In this case, the patient’s ABG was helpful in diagnosis and was the lab abnormality that prompted the team to suspect G6PD deficiency as the underlying cause of hemolysis. Carboxyhemoglobin is often caused by various exposures but can also be caused by increased endogenous production of carbon monoxide. Among the major causes of increased endogenous production is that of increased heme catabolism. In most cases of hemolysis, increased levels of carboxyhemoglobin are to be expected and can correlate with the degree of hemolysis [6]. In addition to the increase in carboxyhemoglobin, our patient also had elevated methemoglobin. Elevated methemoglobin levels, similar to carboxyhemoglobin, can be caused by various exposures and are usually caused by exposure rather than hereditary methemoglobinemia. Methemoglobin rises when heme is oxidized to the ferric form (Fe3+) from the normal ferrous (Fe2+) [7]. In G6PD deficiency, the inability to protect against oxidative damage can lead to methemoglobinemia. The enzyme that reduces methemoglobin, NADH-cytochrome b5 reductase, normally keeps this value at less than 1%, but in cases of acute oxidative stress, this can be overwhelmed as was seen with the patient’s increased methemoglobin level [8].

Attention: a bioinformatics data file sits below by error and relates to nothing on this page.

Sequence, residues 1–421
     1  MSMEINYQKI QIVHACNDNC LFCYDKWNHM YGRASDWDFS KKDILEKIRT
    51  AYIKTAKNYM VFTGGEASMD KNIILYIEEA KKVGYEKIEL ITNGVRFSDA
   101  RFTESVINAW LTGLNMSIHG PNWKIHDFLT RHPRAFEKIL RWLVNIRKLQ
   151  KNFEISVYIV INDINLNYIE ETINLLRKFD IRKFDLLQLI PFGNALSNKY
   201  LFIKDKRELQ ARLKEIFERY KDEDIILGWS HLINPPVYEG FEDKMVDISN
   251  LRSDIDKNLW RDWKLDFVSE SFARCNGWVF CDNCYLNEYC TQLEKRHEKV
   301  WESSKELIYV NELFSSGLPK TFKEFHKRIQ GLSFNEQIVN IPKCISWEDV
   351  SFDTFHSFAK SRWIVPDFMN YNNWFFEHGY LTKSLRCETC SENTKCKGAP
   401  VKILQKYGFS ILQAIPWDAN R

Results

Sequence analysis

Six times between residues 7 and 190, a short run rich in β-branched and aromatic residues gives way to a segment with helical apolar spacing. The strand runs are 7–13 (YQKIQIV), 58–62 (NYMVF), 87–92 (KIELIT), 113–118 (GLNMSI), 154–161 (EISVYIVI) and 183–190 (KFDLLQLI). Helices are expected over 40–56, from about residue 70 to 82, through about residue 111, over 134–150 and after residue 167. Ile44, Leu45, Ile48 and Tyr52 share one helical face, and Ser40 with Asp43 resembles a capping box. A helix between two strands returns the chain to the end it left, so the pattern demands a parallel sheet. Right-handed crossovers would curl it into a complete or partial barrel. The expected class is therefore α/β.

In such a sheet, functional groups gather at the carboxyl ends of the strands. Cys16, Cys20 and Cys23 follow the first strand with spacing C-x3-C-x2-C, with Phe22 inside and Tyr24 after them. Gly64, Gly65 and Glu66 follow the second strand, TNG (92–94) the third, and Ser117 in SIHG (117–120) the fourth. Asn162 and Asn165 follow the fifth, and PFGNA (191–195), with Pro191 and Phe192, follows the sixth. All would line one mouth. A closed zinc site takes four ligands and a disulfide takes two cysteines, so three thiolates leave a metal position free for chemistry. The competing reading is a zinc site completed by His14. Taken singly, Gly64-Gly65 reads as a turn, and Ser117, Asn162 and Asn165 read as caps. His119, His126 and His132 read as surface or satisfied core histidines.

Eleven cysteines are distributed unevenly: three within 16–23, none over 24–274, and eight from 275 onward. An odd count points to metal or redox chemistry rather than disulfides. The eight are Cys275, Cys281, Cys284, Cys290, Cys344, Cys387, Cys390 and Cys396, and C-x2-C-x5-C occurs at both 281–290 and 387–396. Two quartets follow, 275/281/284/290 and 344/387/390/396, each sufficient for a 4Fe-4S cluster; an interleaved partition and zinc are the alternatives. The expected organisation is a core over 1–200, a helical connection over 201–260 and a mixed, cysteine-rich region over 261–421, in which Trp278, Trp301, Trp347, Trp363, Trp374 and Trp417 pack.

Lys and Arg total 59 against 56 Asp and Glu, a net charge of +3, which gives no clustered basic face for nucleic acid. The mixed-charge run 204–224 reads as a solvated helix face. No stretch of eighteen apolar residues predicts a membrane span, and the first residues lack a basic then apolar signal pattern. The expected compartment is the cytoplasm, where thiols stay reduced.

The gold standard for diagnosis of G6PD deficiency is mainly the one performed by biochemical quantitative analysis using spectrophotometry [9]. Rapid screening spot tests have allowed easier and faster access to determine G6PD status [2]. More specifically, when viewed under ultraviolet lighting, the lack of fluorescence of NADPH being generated from NADP in the pentose-phosphate pathway provides a positive finding qualitatively [2, 10, 11]. If suspected, however, one must avoid the rapid fluorescent spot test during times of acute hemolysis as the qualitative screen can give a false-negative interpretation [12]. The process of hemolytic anemia causes degradation of aged erythrocytes with lower levels of G6PD. The resultant reactive reticulocytosis that occurs during this hemolysis creates new erythrocytes that have normal levels of G6PD initially [13]. In our case, the G6PD screen during his admission while acutely hemolyzing was normal. Our clinical suspicion was great enough based on history, and his underlying methemoglobinemia that inquiry into the patient’s medical records from his various outside providers was made confirming two G6PD enzyme assays below normal limits.